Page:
I’ve been getting plenty of the urchin I need (Sterechinus) for my research as well as many other species. The cidaroid (pencil) urchins are some of the more unique. An interesting feature is the variety of organisms that encrust their long spines. Some are completely clear, some have sponges, others have bivalves, and some have both. The variety of encrusting seems species dependent. I wonder if there is some sort of chemical defense/attraction.
So a little I’ve a week in board and I finally have a few minutes and the Internet, so a blog post.
We’ve had excellent weather the entire trip. Many days we’ve had some sun and no storms yet, knock on wood.
We were originally stopping at Palmer Station at the base of the Antarctic Peninsula and then sampling south of there to the Bellingshausen Sea but there was too much ice. We decided to head north around the tip o the peninsula and are currently sampling in the Weddell Sea. This is great for me as I have no samples from this area. We’ve gone as far south as we can though due to ice and will start heading back to the area we were originally hoping to sample. The ice is constantly moving here and we hope it will have moved enough to allow us in.
We are sampling constantly so sleep is at a premium. Hard to get though because this boat is loud and when we do are sampling the bow thrusters are in use a lot. Ear plugs help, but only a little.
I’m attaching a few random pics. I hope you are all doing well.
Stormr has been kind enough to sponsor my trip by providing me with their unique neoprene foul weather gear. Their gear is much more comfortable than the government issue gear and should make my time on deck sorting trawls much more enjoyable. They were also kind enough to offer the whole crew substantial discounts to support our work. Their support is greatly appreciated and when you see pictures of me working, I’ll be wearing their gear. check out their gear HERE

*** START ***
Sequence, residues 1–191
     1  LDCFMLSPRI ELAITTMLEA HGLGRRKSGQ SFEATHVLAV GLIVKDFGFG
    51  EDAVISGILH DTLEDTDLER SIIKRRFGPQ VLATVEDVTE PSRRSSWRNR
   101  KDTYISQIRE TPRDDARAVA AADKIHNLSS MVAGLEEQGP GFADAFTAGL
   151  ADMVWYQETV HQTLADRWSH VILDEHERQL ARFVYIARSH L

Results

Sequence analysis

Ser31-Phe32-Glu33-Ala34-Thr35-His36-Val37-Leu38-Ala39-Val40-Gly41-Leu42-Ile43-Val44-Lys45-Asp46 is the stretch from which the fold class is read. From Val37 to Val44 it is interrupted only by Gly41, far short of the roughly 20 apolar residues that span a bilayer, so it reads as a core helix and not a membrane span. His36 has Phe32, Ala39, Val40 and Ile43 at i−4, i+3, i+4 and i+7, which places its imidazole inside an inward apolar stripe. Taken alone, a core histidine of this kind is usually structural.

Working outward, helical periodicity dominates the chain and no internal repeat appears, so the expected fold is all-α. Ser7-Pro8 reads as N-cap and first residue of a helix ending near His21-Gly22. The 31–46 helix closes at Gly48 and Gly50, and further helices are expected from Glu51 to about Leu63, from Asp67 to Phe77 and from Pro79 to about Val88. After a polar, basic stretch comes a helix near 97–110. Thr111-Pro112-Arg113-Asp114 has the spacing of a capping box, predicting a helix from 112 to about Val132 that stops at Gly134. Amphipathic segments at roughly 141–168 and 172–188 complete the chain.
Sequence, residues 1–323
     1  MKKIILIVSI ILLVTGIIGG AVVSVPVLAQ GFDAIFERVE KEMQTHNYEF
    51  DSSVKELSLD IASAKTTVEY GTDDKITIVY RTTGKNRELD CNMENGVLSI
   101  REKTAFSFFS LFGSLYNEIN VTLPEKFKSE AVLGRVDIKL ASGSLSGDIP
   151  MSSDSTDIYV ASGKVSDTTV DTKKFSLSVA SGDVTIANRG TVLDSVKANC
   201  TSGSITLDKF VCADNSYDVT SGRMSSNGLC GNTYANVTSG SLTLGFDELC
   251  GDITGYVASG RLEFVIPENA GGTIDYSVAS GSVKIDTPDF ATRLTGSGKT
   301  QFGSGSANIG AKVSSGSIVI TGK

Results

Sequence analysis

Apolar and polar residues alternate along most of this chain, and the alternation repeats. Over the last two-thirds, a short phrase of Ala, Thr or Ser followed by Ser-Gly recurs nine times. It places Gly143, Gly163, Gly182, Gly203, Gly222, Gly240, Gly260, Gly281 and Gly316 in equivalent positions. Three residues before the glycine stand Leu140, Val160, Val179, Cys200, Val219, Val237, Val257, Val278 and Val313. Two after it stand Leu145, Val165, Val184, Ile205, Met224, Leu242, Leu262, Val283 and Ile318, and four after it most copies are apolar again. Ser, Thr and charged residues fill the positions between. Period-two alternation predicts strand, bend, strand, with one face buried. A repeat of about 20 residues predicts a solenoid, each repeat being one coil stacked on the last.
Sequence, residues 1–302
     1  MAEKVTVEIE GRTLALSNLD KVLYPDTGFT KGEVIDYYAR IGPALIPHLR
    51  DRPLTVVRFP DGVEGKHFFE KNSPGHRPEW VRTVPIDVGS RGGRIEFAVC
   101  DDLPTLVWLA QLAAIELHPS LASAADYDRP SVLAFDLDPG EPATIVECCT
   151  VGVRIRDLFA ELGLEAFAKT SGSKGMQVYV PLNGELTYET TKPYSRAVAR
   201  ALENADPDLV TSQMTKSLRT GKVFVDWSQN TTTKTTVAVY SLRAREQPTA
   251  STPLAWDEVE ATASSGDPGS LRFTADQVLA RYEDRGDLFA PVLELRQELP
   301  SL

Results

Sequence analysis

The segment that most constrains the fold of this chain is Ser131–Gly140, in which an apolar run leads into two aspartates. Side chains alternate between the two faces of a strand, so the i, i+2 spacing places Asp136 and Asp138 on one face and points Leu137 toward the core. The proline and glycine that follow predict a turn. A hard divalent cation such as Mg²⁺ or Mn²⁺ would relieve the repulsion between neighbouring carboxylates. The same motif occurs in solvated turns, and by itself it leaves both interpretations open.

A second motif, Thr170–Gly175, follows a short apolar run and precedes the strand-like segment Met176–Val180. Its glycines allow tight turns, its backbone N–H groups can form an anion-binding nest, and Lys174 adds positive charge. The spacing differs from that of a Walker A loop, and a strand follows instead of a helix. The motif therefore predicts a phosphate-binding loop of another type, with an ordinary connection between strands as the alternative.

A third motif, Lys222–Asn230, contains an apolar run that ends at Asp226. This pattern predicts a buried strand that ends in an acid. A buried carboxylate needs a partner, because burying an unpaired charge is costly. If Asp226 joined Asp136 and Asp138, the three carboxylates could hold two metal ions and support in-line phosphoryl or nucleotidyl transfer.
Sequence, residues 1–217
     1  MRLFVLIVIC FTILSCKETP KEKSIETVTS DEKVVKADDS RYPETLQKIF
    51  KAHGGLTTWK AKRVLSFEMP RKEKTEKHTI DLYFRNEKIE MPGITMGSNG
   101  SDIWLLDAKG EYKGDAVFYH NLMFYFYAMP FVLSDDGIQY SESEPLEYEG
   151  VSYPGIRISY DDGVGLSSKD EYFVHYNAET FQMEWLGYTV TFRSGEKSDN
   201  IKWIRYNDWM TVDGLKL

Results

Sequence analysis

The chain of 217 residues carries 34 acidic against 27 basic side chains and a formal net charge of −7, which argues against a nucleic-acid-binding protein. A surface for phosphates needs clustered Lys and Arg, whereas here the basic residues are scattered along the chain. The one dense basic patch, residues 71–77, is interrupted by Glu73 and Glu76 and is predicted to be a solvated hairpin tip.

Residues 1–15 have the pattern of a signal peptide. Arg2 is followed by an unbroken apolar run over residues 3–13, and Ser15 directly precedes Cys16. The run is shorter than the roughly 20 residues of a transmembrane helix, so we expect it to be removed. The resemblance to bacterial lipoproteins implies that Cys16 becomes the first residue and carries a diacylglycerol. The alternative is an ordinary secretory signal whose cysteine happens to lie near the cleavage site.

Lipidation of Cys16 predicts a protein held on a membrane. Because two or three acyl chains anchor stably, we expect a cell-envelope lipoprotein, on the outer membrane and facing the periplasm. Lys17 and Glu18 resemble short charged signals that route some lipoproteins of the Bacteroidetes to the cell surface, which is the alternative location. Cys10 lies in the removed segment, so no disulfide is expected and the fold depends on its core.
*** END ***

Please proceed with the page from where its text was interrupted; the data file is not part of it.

Special thanks to Ryan at Stormr for making it possible.
We’ve had 3 really muddy trawls. This was the last on being released from the net. Most times we still find a lot of organisms to collect but this one turned out to be a bit of a dud. Muddy trawls are an incredible amount of work.
Picture taken by my work partner Dr. David Weese.
A couple of more pics of the pretty stuff. Ice being pushed away from the boat as we move and a panorama of calm water and ice.
Seems there aren’t enough pics of me working outside on the AU blog, so here are some. One of the pics is me holding a large dumbo octopus. Look them up on YouTube or Google. Incredible animal. The others are me picking through the remains of our trawls for small organisms that might have been missed in the early triage sorting.
My workstation. This is the Multibeam Sonar system. It my job to make sure that it’s recording data properly. Ice and the ships maneuvering give it fits. My colleague, David Weese, and I use the data to create maps that the Captain and Chief Scientist use to maneuver and determine sampling sites.
We’ve seen a fair number of penguins and seals but I’m told we’ll see more when we get closer to McMurdo Station.
These are some of the organisms we’ve picked up. A seastar, a brittle star, and an irregular urchin.
Icebergs everywhere. They’re simply beautiful and they are immense. It’s hard to tell how big they are because everything here is so large. Incredibly hard to judge scale. Many are easily as big as football stadiums and there are tabletop icebergs that must be as big as several city blocks and several stories high. These pics are some of the more stunning. I could stand at the bow and take iceberg pics for the whole trip.
I’m hoping to get up some really nice pics later today. We’ve been sampling around the clock and I’m getting about 4 hours of sleep every 24 so very little time to write anything interesting. There might be an 18-24 hour stretch coming up for me to do laundry, sleep and write a real post. So stay tuned.